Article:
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CDC HIV/AIDS/Viral Hepatitis/STD/TB Prevention News Update
NIH Questions AIDS, Sex Attitudes Grants
Mark Sherman
October 28, 2003
Associated Press (10.28.03) - Tuesday, October 28, 2003

In response to complaints from the conservative Traditional Values Coalition, the National Institutes of Health is telephoning 157 researchers who were awarded grants for projects on AIDS and sexual practices. The phone calls are "sending a dangerous message" that research is being subverted by an ideological agenda, said Rep. Henry Waxman (D-Calif.).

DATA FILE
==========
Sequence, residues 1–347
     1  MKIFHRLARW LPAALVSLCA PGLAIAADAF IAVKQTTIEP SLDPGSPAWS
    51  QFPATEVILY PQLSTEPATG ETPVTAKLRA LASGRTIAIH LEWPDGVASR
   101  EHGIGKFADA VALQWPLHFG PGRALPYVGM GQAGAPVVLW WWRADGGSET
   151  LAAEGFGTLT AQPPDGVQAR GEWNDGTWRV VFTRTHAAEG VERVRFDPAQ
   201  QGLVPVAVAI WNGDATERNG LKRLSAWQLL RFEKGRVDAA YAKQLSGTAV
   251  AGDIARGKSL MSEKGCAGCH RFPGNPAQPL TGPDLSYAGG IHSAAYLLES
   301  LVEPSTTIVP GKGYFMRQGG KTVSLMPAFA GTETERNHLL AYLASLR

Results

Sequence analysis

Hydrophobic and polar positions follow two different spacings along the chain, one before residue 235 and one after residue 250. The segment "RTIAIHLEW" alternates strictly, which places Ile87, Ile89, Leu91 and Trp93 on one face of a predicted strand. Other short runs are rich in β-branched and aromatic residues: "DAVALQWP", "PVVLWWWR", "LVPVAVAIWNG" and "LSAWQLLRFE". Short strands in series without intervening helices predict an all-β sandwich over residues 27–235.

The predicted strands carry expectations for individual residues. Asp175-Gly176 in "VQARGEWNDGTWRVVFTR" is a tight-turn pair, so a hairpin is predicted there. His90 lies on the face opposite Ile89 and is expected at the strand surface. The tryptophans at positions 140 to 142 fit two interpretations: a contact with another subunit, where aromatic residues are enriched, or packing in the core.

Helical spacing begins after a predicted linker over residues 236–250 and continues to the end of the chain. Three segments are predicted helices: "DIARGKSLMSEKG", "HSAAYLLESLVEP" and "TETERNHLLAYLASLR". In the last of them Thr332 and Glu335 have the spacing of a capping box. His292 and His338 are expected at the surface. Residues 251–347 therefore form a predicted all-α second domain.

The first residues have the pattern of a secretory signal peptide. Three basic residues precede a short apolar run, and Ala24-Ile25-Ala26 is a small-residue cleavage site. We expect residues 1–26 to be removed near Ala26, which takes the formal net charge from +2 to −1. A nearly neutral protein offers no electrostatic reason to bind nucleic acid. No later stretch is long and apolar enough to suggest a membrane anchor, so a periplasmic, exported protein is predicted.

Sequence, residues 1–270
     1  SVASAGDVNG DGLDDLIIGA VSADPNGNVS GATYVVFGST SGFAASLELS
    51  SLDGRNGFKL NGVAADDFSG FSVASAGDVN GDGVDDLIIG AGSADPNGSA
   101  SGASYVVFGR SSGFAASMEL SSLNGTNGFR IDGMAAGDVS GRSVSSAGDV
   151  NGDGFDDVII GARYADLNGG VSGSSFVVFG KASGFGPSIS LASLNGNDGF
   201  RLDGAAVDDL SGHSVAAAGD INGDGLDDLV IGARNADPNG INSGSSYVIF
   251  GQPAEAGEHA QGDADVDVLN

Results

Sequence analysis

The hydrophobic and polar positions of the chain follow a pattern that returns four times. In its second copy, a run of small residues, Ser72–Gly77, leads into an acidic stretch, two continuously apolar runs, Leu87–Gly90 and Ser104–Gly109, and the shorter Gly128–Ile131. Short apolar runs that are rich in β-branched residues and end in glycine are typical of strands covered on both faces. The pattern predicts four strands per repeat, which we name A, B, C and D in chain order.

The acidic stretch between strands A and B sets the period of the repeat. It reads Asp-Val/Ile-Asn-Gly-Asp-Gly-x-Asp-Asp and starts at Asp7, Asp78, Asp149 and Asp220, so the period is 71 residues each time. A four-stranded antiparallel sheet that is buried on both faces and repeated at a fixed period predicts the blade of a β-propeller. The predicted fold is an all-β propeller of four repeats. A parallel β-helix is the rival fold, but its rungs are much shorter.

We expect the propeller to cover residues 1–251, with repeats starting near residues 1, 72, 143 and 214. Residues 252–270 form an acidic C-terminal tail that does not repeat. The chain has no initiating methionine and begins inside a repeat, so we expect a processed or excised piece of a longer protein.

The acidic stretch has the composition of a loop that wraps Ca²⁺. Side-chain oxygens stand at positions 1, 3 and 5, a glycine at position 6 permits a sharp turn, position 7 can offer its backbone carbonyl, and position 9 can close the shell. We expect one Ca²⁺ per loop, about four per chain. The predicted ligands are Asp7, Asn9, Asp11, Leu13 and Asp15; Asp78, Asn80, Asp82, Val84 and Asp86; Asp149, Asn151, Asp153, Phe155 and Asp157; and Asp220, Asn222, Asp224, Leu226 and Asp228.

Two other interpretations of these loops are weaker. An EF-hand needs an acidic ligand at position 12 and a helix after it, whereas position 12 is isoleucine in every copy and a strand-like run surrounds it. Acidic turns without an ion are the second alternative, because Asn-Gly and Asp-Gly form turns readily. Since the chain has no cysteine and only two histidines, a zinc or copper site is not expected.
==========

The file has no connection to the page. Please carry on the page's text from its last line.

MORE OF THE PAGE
But NIH spokesperson John Burklow said the agency was simply responding to a request from Republican lawmakers who were given a list of research grants. The projects' topics include teen sexual activity, sex and drug use among truckers, and STDs among Mexican immigrants. The calls, Burklow said, were not intended to threaten the researchers' funding but rather to inform them that their names were on a list being circulated in Washington. Officials were trying to put the research into the context of NIH's "scientific mission," Burklow said. TVC Executive Director Andrea Lafferty called the grants a "total waste of taxpayer dollars." "We know for a fact that millions and millions of dollars have been flushed down the toilet over years on this HIV, AIDS scam and sham. We know what it takes to prevent getting this disease. It takes not engaging in risky sexual behaviors," said Lafferty, who brought her concerns to Rep. Billy Tauzin (R-La.), chair of the House Energy and Commerce Committee. Ken Johnson, Tauzin's spokesperson, said the committee is not investigating individual grants but is "looking broadly at the overall grant management program." Committee member Waxman, who has previously criticized the Bush administration for interfering with science, called the list a "hit list" and questioned whether federal agencies helped compile it. NIH is part of the Department of Health and Human Services; in a letter to HHS Secretary Tommy Thompson, Waxman said NIH officials could have read the grant applications if all they sought was information. HHS officials denied any role in compiling the list; they said all the information is available through two databases.